SCIOPS Short Name: SSEC-ARCTIC-Composite-ShortwaveInfrared-ARC-0713843 Version ID: Not provided Unique ID: C1214598142-SCIOPS

  • Arctic Satellite Composite Imagery - Visible

    https://cmr.earthdata.nasa.gov/search/concepts/C1214598096-SCIOPS.xml
    Description:

    The Space Science and Engineering Center at the University of Wisconsin-Madison generates an visible (~0.65 microns) Arctic satellite composite imagery. Using a mosaic of all satellite data available allows the benefits of both the timeliness and routine observations of geostationary satellites as well as the high latitude coverage of the polar orbiting satellites. The Arctic visible composites are created every hour for a total of 24 images per day. Most input satellite observations included in the composite were procured within 15 minutes of the top of the synoptic hour. No image is more than +/- 50 minutes from the top of the synoptic hour. Geostationary and Polar orbiting satellites used to generate the composite can include: POES/NOAA, GOES -East and ?West, METOSAT, MTSAT, FY-2, Kalpana-1, and Terra/Aqua.

    Links: Temporal Extent: Spatial Extent:
    Minimum Bounding Rectangle: 28 -180 90 180

    SCIOPS Short Name: SSEC-ARCTIC-Composite-Visible-ARC-0713843 Version ID: Not provided Unique ID: C1214598096-SCIOPS

  • CER_GEO_Ed4_GOE13_NH_V01

    https://cmr.earthdata.nasa.gov/search/concepts/C1237207605-LARC_ASDC.xml
    Description:

    This dataset is comprised of cloud micro-physical and radiation properties derived hourly from GOES-13 geostationary satellite imager data using LaRC’s SATCORPS (SATellite ClOud and Radiation Property retrieval System) algorithms in support of the CERES project. The cloud micro-physical and radiation properties from each active geostationary satellite are merged together to create hourly global cloud properties that are used to estimate fluxes between CERES instrument measurements to account for the changing diurnal cycle. The dataset is arranged as files for each hour and in netCDF-4 format. The observations are at 4-km resolution (at nadir) and are sub-sampled to 8 km.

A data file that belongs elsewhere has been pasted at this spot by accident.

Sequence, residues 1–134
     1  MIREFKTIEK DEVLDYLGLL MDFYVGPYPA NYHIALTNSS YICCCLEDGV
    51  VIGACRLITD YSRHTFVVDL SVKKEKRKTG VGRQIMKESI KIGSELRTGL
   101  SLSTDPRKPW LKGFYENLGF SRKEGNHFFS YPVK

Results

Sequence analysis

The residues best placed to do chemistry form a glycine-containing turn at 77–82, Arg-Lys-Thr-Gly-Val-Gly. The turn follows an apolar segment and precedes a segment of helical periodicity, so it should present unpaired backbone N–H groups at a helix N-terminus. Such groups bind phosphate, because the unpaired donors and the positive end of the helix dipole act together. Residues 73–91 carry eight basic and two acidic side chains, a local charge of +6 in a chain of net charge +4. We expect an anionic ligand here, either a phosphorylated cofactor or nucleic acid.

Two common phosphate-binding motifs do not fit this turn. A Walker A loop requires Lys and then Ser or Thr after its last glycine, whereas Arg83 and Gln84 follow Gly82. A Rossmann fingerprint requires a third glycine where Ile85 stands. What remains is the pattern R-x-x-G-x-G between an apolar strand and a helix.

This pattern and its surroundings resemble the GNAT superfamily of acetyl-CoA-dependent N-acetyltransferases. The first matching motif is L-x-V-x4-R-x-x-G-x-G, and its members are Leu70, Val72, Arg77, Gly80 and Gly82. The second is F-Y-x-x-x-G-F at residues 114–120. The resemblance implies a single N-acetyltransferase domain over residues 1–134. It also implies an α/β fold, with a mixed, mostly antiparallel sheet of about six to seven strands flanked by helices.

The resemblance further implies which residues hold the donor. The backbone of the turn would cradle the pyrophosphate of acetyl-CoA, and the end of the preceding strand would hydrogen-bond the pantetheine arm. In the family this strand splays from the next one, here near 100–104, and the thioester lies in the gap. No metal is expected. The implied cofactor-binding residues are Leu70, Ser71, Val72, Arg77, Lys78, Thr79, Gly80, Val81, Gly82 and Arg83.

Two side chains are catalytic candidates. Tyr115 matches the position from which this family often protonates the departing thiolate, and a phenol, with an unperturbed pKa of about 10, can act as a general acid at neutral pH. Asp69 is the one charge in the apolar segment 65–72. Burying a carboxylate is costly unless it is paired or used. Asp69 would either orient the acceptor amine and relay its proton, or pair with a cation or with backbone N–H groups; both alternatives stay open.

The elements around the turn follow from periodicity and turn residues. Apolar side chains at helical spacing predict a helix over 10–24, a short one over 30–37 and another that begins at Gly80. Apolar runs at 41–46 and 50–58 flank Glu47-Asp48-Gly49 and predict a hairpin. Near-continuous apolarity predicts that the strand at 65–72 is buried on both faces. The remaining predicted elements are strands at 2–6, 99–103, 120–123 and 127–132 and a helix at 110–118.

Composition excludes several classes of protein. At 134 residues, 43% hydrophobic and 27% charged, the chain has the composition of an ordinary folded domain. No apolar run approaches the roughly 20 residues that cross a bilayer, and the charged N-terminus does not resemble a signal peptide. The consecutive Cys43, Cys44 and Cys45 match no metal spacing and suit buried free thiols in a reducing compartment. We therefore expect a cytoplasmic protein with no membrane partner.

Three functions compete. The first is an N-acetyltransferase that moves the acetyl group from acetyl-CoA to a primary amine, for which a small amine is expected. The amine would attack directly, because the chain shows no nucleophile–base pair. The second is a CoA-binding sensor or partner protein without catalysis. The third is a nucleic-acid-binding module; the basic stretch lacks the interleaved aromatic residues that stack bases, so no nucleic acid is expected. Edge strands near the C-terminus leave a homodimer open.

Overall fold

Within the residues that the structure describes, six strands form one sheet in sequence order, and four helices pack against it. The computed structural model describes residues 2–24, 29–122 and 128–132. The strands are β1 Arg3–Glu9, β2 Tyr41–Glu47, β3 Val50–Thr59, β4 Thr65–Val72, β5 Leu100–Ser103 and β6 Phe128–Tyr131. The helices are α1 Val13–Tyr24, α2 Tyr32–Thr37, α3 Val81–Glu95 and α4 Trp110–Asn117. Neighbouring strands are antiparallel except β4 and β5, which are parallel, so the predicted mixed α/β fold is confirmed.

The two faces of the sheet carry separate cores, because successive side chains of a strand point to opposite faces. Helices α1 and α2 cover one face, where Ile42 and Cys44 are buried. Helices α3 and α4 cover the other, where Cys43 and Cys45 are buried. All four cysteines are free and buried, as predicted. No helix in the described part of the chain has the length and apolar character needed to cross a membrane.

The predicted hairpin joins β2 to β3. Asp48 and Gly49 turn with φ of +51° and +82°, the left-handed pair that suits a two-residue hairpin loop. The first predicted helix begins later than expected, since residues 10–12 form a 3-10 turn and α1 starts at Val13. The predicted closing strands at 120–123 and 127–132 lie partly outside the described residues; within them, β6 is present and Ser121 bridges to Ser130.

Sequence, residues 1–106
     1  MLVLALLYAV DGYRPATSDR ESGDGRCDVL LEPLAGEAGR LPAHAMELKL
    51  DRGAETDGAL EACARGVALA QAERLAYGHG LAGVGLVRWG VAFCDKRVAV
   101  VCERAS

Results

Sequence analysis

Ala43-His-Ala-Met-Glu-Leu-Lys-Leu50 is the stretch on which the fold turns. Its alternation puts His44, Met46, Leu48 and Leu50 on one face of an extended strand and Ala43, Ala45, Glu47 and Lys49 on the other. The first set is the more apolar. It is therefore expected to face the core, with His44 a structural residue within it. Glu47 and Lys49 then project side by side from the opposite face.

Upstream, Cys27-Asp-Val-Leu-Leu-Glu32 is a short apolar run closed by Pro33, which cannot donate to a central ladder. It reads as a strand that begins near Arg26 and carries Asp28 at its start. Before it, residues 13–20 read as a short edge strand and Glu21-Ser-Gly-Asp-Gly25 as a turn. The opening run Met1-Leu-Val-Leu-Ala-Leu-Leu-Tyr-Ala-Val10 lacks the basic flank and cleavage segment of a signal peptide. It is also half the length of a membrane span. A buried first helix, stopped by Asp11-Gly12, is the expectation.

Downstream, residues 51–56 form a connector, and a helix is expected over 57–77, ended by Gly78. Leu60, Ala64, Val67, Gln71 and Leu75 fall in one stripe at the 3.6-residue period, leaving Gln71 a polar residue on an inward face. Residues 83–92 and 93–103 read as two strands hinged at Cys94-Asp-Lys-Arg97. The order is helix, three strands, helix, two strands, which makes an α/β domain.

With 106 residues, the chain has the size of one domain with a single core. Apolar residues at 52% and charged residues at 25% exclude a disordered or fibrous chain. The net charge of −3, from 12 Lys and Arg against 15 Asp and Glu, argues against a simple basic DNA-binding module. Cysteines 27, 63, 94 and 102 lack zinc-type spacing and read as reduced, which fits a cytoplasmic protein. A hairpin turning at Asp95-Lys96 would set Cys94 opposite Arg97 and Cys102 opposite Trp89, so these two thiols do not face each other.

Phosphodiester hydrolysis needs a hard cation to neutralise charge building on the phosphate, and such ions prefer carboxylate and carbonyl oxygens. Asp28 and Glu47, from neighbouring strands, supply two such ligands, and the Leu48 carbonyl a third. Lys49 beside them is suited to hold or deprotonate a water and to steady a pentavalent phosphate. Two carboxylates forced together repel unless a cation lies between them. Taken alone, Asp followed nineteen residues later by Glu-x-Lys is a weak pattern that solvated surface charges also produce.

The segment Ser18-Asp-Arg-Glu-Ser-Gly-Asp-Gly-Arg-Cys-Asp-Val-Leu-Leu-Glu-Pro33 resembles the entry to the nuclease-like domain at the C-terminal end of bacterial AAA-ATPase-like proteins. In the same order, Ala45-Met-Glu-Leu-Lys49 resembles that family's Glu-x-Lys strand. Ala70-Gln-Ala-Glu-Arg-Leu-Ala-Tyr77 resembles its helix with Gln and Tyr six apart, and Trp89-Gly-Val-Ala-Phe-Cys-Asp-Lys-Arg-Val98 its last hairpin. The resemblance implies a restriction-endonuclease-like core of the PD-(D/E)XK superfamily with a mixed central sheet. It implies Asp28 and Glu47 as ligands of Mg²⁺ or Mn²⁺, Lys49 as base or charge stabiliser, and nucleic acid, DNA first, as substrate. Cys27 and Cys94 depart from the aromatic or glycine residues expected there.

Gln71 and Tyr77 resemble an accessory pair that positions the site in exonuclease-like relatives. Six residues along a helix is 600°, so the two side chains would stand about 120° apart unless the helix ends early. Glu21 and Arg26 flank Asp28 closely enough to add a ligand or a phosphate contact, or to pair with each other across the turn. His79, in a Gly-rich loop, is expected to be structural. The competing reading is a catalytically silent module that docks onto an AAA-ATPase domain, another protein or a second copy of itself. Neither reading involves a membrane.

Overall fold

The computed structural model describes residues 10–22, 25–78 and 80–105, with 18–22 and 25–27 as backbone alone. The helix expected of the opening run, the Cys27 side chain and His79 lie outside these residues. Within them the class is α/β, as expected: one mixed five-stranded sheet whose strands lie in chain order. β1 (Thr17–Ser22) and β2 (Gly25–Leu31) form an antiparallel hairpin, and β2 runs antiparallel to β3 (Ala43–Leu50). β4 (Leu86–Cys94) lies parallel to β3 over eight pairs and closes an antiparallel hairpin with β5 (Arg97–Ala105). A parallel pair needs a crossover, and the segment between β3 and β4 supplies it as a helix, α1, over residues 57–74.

Links: Temporal Extent: Spatial Extent:
    Minimum Bounding Rectangle: 0 -120 60 -30

    LARC_ASDC Short Name: CER_GEO_Ed4_GOE13_NH Version ID: V01 Unique ID: C1237207605-LARC_ASDC

  • CER_GEO_Ed4_GOE13_SH_V01

    https://cmr.earthdata.nasa.gov/search/concepts/C1237207597-LARC_ASDC.xml
    Description:

    This dataset is comprised of cloud micro-physical and radiation properties derived hourly from GOES-13 geostationary satellite imager data using LaRC’s SATCORPS (SATellite ClOud and Radiation Property retrieval System) algorithms in support of the CERES project. The cloud micro-physical and radiation properties from each active geostationary satellite are merged together to create hourly global cloud properties that are used to estimate fluxes between CERES instrument measurements to account for the changing diurnal cycle. The dataset is arranged as files for each hour and in netCDF-4 format. The observations are at 4-km resolution (at nadir) and are sub-sampled to 8 km.

    Links: Temporal Extent: Spatial Extent:
    Minimum Bounding Rectangle: -60 -120 0 -30

    LARC_ASDC Short Name: CER_GEO_Ed4_GOE13_SH Version ID: V01 Unique ID: C1237207597-LARC_ASDC

  • CERES GEO Cloud Retrievals in ISCCP-D2like Format Daytime Edition3A

    https://cmr.earthdata.nasa.gov/search/concepts/C7019528-LARC_ASDC.xml
    Description: